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During the past 6 years I’ve responded to thousands of customer reviews, for multiple clients in a wide variety of industries. If I’ve learned anything, it’s this…. when customer reviews are central to your business the results are obvious.

Why you can’t afford to ignore Online Customer Reviews!

A quick internet search around the importance of customer reviews returns a plethora of research indicating how important reviews have become in business today. Of course a large amount of the research is done in countries with a high online penetration, where increasingly people are shopping online. But even if you knock the stats down to a number you think best represents the South African Market, you’d be hard-pressed to deny the general trend.

Take a look through these stats from Invesp, and compare them to your own purchasing / review behaviour:

  • 90% of customers read online reviews before visiting a business
  • For nearly 9 in 10 consumers, an online review is as important as a personal recommendation
  • Customers are likely to spend 31% more on a business with ‘excellent’ reviews
  • 72% say that positive reviews make them trust a local business more
  • 92% of users will use a local business if it has at least a 4-star rating
  • 72% of consumers will take action only after reading a positive review
  • Reliability (27%), expertise (21%) and professionalism (18%) are the most important reputation traits for a local business
  • 86% of people will hesitate to purchase from a business that has negative online reviews

In light of data like that, I’m often bewildered at why so many businesses pay little to no attention to their customer reviews, and worse, do it so badly?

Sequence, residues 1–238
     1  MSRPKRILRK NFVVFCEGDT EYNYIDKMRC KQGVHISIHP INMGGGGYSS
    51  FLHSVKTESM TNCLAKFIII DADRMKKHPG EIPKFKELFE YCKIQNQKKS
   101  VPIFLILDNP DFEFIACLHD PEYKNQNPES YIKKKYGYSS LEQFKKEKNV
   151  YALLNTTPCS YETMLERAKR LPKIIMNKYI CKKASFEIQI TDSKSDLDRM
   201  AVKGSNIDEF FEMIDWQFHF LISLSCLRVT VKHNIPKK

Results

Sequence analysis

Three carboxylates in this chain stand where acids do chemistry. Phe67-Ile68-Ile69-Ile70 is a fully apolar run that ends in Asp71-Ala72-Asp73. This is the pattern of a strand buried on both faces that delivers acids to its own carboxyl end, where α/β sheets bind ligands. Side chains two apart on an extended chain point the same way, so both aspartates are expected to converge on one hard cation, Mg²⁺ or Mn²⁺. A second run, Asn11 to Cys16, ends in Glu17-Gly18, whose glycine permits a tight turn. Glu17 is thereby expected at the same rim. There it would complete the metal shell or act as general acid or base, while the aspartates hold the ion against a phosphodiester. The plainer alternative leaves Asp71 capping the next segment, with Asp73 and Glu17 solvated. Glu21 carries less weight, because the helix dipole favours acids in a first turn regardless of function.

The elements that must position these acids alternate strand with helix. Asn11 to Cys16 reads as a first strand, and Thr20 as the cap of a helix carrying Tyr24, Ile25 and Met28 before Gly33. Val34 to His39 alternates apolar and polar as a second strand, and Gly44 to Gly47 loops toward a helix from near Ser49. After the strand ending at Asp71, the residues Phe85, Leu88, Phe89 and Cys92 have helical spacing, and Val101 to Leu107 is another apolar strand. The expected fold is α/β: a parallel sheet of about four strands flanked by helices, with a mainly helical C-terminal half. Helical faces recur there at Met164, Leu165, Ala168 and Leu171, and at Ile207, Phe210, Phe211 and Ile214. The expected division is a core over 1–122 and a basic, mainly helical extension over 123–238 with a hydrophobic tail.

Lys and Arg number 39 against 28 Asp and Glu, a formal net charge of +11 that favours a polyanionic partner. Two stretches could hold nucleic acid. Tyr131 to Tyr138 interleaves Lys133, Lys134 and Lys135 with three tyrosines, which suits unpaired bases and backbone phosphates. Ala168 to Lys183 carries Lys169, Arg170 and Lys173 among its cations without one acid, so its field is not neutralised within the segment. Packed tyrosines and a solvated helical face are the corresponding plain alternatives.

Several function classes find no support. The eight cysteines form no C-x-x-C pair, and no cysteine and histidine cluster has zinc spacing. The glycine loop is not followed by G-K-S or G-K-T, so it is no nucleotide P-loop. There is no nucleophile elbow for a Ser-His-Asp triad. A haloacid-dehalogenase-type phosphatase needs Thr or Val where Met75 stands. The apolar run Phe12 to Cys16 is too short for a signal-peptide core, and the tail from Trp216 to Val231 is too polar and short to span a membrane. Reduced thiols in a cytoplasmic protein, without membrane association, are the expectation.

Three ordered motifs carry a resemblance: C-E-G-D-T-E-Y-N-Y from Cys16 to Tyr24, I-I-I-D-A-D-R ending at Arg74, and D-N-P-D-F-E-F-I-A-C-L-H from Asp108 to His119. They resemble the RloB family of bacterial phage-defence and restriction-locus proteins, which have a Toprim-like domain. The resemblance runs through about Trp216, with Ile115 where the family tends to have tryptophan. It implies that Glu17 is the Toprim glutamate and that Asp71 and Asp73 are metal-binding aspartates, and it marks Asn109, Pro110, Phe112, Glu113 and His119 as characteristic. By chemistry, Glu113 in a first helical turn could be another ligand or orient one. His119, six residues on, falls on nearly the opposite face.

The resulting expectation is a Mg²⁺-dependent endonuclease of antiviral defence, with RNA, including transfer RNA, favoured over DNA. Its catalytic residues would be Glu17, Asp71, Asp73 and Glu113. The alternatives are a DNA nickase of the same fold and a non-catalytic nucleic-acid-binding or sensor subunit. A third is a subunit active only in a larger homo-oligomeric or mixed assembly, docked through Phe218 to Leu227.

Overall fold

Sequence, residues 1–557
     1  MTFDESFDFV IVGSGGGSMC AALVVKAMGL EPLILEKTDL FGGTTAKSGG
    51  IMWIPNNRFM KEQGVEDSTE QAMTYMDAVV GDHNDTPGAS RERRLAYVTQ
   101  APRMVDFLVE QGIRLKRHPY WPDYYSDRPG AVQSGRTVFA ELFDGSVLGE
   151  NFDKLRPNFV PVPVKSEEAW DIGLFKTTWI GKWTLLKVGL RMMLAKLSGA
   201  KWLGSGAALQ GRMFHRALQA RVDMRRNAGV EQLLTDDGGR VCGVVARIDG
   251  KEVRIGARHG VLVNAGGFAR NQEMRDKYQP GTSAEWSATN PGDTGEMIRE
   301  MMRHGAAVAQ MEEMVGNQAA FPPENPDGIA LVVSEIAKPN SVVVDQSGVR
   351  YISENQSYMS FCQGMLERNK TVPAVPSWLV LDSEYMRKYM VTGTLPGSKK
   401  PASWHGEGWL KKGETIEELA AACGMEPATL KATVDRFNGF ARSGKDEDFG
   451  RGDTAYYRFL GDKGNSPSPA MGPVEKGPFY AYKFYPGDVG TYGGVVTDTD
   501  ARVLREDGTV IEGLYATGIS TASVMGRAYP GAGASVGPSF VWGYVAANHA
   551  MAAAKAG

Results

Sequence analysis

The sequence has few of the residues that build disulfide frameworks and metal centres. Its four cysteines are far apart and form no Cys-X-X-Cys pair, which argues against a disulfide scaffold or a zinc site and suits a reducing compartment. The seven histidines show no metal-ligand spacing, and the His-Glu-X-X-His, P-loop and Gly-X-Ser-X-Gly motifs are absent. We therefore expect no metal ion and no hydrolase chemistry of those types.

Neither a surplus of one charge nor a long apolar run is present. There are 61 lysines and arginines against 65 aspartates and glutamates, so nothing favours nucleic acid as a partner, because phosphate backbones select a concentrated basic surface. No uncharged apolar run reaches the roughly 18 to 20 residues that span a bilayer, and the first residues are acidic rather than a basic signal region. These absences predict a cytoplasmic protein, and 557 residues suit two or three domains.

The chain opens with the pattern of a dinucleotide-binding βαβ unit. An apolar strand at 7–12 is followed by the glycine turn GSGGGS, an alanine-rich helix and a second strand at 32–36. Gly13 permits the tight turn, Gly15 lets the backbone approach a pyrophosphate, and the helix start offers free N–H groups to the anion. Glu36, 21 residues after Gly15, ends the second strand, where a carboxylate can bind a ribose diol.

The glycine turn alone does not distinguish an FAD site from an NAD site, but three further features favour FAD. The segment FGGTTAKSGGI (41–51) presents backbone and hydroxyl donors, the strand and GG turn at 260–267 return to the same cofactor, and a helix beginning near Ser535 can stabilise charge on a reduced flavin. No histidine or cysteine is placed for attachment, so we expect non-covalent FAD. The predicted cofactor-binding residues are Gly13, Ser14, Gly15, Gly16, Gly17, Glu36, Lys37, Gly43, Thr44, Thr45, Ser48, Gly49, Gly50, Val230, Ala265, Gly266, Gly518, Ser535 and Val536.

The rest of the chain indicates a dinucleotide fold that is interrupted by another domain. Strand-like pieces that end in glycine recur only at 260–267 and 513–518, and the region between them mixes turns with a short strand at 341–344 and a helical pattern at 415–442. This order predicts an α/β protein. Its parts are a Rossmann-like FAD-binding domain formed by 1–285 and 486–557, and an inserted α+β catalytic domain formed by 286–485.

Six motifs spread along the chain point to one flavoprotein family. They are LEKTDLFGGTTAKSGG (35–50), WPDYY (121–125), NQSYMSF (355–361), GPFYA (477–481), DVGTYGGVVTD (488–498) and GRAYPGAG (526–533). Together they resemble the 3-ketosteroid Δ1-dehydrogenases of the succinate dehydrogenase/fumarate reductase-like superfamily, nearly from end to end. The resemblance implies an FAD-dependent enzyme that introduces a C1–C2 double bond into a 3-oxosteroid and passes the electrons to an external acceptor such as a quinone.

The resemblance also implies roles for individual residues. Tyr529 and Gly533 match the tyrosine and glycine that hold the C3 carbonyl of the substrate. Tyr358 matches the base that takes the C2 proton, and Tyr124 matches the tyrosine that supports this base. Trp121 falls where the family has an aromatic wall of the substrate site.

When It Works

Don’t make the mistake of thinking that Online Customer Reviews are only important for online stores. It doesn’t matter if you’re a family hotel in the Drakensberg, a restaurant in a busy Jozi Suburb, or an online supermarket in Durban, in our experience at Calidascope, customer reviews work well when they’re moved to the centre of your business.

Here are a few of the Signposts we’ve developed over time:

Make sure you have competent and experienced people engaging with customers

Experience matters when you’re dealing with people. Empathy is critical. Emotional tone is key. Being able to ‘really see’ what’s being said, and what your customer is looking for in the exchange is important in order to craft the best response. Keep in mind, rave reviews are really easy to respond to. It’s the critical reviews that will test your metal. I’ve had clients, who from time to time, would far rather tell a client or customer to never come back. That’s never a great response.

Respond Quickly

When a customer takes the time to write a review, there’s a lot of effort that goes into it, for many people. There’s risk attached when putting yourself out publicly. The very least you can do is to get back to them as quickly as possible. Sometimes it takes us a day or two to gather all the information, to ensure our response is accurate and we have as many of the facts as possible.